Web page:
According to the Substance Abuse and Mental Health Services Administration (SAMHSA), recovery from mental disorders and substance use disorders is “a process of change through which individuals improve their health and wellness, live a self-directed life, and strive to reach their full potential” (2012). It is a process by which people with a substance use disorder achieve remission—meaning they no longer meet diagnostic criteria—and then develop their full potential. People unknowledgeable about addictive disorders or who view substance use disorders as an issue of morality may incorrectly describe this phenomenon as “reform.” 


“Recovery” vs. “Discovery”


It is not uncommon for clinicians to try to assist their patients to recover from a disorder with which they do identify and about which they have no understanding and/or acceptance. For such patients, a more appropriate interim goal is “discovery,” first developing the awareness that they have the problem.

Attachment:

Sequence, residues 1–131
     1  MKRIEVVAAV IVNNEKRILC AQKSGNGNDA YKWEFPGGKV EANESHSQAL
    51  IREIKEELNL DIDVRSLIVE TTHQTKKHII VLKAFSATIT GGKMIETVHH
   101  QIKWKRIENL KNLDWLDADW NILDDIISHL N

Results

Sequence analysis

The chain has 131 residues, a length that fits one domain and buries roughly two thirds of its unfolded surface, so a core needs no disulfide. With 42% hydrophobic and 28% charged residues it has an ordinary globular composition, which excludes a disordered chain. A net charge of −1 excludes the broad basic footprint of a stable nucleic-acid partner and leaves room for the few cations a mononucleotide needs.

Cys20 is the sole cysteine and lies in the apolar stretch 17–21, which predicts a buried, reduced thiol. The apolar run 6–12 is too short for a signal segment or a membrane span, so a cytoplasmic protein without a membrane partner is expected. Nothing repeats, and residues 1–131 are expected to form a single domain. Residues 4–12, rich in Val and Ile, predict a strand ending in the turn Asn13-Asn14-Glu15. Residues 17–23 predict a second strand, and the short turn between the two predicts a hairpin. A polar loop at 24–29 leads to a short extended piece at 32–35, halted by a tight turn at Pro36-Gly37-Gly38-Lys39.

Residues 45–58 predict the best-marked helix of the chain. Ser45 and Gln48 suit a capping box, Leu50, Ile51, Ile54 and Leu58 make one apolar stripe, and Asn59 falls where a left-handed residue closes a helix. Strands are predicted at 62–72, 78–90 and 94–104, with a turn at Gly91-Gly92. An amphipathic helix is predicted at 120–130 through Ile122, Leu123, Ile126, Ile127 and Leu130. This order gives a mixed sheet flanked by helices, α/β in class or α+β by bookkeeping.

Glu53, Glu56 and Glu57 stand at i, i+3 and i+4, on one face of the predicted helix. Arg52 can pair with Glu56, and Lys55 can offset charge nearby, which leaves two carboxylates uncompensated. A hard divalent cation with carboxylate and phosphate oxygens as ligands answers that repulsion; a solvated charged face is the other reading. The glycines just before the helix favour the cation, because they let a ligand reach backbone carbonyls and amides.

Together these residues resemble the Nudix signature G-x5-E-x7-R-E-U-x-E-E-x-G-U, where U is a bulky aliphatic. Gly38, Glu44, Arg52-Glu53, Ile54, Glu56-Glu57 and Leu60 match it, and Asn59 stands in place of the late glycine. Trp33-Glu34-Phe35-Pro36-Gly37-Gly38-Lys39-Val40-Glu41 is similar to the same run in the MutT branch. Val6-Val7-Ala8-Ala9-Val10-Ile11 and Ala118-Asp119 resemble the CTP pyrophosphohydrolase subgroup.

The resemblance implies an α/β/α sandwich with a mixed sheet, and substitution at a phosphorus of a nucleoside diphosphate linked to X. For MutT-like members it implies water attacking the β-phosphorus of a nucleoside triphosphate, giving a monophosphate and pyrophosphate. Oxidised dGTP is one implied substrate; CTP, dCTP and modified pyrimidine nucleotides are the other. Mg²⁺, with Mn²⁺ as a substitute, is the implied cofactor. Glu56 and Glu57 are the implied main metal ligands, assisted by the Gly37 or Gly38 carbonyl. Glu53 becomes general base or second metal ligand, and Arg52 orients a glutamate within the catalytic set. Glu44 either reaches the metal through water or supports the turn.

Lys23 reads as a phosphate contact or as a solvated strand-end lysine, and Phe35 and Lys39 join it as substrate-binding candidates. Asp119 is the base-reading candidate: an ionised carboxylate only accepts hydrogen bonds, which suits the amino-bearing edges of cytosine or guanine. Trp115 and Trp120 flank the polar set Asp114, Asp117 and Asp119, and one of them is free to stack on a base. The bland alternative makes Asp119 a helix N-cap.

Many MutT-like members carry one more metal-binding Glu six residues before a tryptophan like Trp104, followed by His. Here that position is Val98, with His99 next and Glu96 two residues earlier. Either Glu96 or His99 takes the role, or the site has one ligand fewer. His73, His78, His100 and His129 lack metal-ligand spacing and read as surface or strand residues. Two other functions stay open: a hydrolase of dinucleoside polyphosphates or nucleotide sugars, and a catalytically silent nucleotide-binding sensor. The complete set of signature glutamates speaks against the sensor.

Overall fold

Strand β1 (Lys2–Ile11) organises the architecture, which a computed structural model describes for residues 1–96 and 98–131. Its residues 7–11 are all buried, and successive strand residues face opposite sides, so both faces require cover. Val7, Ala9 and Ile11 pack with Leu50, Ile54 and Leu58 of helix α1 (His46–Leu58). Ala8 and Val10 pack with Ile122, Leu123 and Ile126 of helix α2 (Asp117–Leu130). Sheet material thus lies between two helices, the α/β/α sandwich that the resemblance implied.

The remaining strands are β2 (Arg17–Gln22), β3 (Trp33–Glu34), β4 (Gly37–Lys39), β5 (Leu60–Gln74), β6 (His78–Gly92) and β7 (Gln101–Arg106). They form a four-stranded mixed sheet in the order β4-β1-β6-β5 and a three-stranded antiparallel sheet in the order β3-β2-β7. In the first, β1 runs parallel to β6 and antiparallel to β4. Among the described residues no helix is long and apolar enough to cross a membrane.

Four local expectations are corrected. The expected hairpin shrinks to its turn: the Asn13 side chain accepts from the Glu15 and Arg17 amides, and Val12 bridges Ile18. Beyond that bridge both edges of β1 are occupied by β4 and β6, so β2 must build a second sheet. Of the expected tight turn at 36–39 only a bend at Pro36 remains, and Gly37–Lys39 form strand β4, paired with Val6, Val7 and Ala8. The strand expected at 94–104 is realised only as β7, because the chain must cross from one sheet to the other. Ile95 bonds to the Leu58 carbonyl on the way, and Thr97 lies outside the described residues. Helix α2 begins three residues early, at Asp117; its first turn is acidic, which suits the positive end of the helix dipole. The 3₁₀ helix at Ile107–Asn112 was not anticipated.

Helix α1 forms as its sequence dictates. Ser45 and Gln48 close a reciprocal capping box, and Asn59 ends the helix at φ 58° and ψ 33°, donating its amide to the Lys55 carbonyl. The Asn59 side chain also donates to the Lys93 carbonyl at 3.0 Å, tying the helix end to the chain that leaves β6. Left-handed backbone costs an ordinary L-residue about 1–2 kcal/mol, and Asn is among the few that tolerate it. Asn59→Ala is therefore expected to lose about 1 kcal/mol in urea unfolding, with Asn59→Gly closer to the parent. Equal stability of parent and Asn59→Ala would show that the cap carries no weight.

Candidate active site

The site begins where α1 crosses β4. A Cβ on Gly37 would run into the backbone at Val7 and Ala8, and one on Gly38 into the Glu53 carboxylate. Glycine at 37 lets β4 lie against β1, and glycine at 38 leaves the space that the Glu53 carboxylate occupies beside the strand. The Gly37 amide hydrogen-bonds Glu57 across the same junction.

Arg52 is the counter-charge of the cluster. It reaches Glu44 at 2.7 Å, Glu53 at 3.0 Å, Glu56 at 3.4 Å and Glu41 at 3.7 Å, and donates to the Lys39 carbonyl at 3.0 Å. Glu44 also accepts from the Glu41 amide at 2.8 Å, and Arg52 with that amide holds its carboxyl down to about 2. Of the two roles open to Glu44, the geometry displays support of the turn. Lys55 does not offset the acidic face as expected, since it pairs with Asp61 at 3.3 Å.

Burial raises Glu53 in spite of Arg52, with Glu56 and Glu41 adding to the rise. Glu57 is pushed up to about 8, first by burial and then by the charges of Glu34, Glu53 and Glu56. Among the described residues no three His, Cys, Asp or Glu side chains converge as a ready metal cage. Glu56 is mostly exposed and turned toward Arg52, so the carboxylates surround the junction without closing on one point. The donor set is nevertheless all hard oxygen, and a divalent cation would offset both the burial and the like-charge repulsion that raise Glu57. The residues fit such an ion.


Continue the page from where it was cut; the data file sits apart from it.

“Relapse” refers to a return to the active disease state, as in cancer. With substance use disorders it is usually characterized by out-of-control use and possibly significant negative consequences.  Relapse is distinguished from “lapse” which is a brief duration, low consequence return to use, often with a desire to return to abstinence. A lapse is often referred to as a “slip” in Twelve Step recovery terminology.


“Remission” vs. “Recovery”


Remission as used in the DSM, implies that the individual no longer meets the diagnostic criteria for the disorder. Recovery on the other hand, is far more all-encompassing, includes emotional and spiritual growth and for many it means attaining a type of existence not even realized before the onset of the disease. When speaking to utilization reviewers, use the term “remission,” which they are likely to understand, rather than recovery, which they may not.